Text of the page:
You've probably all seen this before:
A prominent player is rumored to be available either by trade or an imminent release from his team. In the wake of this news, your team's message board is instantly flooded with posts like "OMG! We need to get (insert player's name)." It doesn't even seem to matter who that player is. If he's a big name, he must be brought on-board - logic be damned!
I call this type of fan the "compulsive collector." Any big name is good enough, as long as it's a big name. Factors like how they fit into a team's scheme or salary cap are not important. These fans are unique in their maddeningly short-sighted view of team dynamics and the components of sustained success. They would likely rather cheer for a lousy team stocked with recognizable players than patiently stay with a group of youngsters as they develop into the stars of the future.
I expect this kind of behavior from a percentage of fans. After all, for some people, the most important aspect of their fanship is how much they can brag about the moves their team has recently made, regardless of how they turn out in the future. There's rarely any accountability with this type of boasting, and most importantly, any move can be made to look good since no actual games have been played that will prove otherwise.
On the other hand, I generally don't expect this irrational viewpoint to come from the sportswriters who are paid to be the voices most in tune with the needs and dynamics of a single team. And yet, I had to read through Greg Cote's article in the Miami Herald, assuring me that Brett Favre is a match made in heaven for the Miami Dolphins.
And yes, this is the same narcissistic, soon-to-be 39 year old quarterback and the same one-win team that you're thinking of.
My only question to Mr. Cote and to anyone else who agrees with him: How, in your right mind, can you rationally believe that Brett Favre is a positive addition to this franchise?
I will not argue that Favre is far and away a better quarterback than any of the three guys currently on Miami's roster. I agree that having Favre line up under center in 2008 would be worth a couple of wins by itself. And I agree that the Dolphins would be a far better team in 2008 with Favre than without him.
However, there are two giant problems that still exist.
Miami won a single game last year...barely. While they have improved over the offseason, it is still optimistic to think the team can scrape together five wins this year. Even under the assumption that Favre automatically adds a couple wins, the Dolphins still fall woefully short of playoff contention. Let's stop kidding ourselves. This is not a team that is one star QB away from bursting back onto the playoff scene.
And that brings me to the second giant problem. Bill Parcells, Jeff Ireland, and Tony Sparano have all but shouted at the top of their lungs that this franchise is fully invested in a rebuilding mode. Sure, they want to win as much as possible now, but only within the strict confines of the rebuilding plan. For too long, the Dolphins have toyed with rebuilding, without ever actually committing to it. A half-assed rebuilding effort is a sign of indecisiveness and denial.
The key to rebuilding any team is a giant infusion of youth at all positions. That's why Zach Thomas was cut and Akin Ayodele brought in; it's why Marty Booker was shown the door while Ted Ginn was elevated to the starting lineup; it's why Parcells and Ireland have been shopping Jason Taylor all offseason long in the hopes of getting some future value. A team looking to contend would not even consider getting rid of Taylor.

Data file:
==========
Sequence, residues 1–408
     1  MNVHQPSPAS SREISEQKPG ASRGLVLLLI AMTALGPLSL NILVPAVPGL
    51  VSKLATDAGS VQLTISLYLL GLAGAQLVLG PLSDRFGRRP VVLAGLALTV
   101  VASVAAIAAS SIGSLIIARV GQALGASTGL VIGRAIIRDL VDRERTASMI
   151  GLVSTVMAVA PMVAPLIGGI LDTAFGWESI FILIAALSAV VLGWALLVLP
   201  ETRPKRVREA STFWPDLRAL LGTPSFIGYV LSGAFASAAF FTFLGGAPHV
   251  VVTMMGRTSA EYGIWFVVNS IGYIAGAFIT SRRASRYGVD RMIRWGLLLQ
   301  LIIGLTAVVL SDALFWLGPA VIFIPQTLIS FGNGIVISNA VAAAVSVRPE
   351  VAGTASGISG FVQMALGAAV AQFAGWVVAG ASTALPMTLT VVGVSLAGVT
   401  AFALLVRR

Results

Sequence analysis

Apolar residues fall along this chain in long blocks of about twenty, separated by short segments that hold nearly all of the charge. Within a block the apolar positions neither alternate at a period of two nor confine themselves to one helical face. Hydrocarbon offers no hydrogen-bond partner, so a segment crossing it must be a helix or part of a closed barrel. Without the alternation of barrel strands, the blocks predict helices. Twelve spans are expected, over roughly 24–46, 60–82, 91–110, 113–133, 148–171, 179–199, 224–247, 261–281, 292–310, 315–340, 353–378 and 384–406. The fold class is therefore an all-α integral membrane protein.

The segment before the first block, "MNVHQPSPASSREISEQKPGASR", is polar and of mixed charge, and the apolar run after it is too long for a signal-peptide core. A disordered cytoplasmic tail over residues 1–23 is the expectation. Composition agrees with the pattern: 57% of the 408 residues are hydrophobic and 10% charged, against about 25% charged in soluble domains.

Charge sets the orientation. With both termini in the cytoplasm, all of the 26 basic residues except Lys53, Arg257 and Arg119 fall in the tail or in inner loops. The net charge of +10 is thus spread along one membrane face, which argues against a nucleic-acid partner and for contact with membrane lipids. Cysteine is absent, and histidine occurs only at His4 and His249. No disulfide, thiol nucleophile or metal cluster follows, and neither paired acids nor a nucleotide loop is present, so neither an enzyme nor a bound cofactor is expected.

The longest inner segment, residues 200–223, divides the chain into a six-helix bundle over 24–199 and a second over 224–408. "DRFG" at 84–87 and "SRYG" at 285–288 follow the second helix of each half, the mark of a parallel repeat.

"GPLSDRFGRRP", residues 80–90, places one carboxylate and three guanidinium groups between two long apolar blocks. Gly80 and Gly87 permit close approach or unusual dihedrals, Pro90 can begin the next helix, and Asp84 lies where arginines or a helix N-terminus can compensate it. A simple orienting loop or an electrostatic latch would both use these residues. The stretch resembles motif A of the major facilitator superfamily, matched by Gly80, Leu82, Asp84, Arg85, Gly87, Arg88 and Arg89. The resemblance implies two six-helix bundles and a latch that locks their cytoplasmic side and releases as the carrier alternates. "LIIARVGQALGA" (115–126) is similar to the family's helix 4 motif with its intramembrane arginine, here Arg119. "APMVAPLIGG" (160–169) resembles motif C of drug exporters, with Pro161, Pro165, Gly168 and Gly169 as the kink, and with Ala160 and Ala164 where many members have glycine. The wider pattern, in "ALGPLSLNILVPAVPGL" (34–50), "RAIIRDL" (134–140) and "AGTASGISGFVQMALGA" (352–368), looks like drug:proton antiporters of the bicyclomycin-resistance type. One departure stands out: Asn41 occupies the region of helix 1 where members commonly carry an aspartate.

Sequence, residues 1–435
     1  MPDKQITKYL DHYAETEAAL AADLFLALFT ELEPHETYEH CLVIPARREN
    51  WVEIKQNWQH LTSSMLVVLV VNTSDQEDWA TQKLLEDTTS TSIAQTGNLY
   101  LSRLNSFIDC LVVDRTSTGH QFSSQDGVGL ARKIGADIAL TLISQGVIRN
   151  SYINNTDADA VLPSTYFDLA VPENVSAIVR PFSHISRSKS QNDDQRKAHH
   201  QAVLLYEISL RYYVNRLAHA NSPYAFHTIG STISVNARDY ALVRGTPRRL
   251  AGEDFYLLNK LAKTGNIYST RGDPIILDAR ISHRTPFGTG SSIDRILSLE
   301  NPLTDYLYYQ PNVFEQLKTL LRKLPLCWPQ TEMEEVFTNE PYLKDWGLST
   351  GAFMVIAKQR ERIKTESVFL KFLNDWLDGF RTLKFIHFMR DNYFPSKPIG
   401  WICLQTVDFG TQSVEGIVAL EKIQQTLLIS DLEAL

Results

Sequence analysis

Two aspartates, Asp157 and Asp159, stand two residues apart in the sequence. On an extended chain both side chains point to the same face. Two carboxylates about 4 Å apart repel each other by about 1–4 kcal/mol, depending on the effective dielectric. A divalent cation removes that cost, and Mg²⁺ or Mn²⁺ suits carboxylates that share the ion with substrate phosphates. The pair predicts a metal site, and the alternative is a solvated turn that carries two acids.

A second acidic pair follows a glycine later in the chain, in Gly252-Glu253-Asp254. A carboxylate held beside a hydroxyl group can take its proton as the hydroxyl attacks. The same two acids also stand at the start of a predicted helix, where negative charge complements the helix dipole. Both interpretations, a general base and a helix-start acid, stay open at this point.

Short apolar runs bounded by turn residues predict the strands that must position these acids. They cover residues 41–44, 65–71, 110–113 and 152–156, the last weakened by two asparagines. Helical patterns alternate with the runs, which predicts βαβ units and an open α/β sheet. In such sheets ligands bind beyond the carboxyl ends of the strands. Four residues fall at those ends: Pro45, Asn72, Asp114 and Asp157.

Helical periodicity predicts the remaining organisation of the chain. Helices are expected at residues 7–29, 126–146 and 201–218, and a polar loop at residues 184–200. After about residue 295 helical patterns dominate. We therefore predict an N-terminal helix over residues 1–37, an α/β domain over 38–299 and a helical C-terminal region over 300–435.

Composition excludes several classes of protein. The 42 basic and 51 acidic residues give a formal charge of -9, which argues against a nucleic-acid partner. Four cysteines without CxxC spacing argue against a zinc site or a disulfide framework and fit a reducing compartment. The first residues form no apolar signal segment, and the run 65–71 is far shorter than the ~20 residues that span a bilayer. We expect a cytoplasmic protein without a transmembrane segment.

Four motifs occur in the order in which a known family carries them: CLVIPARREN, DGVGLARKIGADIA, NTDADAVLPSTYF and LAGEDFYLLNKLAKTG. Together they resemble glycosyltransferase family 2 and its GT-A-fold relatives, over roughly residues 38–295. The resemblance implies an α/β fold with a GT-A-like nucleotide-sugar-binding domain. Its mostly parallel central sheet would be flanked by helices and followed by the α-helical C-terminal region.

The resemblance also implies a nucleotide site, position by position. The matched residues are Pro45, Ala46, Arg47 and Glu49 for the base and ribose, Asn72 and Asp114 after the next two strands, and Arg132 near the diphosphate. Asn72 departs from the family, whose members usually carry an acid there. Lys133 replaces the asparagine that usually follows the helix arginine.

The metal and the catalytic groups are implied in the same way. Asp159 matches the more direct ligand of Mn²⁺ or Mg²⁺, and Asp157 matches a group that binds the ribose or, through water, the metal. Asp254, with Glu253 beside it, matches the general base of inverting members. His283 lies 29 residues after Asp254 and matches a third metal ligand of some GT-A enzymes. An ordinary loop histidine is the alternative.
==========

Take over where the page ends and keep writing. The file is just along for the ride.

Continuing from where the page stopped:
For many fans, and perhaps Mr. Cote, it's just too hard to accept that the guys running this team do not realistically expect to contend this season.
Young players can only develop for so long on the bench. John Beck probably should not have played at all last season, but 2008 is a different story. This new regime needs to see what it has in its young QBs. Beck has to be given every opportunity to start this season and show what he can bring to the table. If Favre comes to Miami, that's another entire season of Beck's career wasted on the bench. And once the season ends, with Miami watching the playoffs from home, what will the team have gained - a few extra bucks from selling tickets to those who want to see Favre? The 2009 season will simply seem like deja vu, with fans and pundits everywhere wondering exactly what the Dolphins have at QB.
These are the questions that must be answered now.
And I havent' even mentioned that Favre's entire career has been spent in a West Coast offense, which is nothing like what Miami intends to run. Accomodating Favre's system would only further hamper every young offensive player's development into the system that is meant to be in place for years to come.
I just want Mr. Cote and those who share his feelings to answer a simple question. Is it more likely that the Miami Dolphins compete for a championship in 2008 with Brett Favre or that they do so with John Beck/Chad Henne over the next half decade? Understand that this is a one or the other proposition. The team cannot do both. Bringing in Brett Favre as a rental completely disrupts the development process of Miami's young talent.
If you still don't agree, let me put it this way: Bringing in Brett Favre would be like gambling on a one-in-a-million lottery ticket while sticking to the rebuilding plan is like investing in a mutual fund and patiently watching the funds mature.
And any Scrubs fan will remember what Dr. Cox said when asked if he wanted to put in some money for lottery tickets: "Oh gosh, Carla! I would, I really would! But you see, I already set fire to a big pile of money just this morning."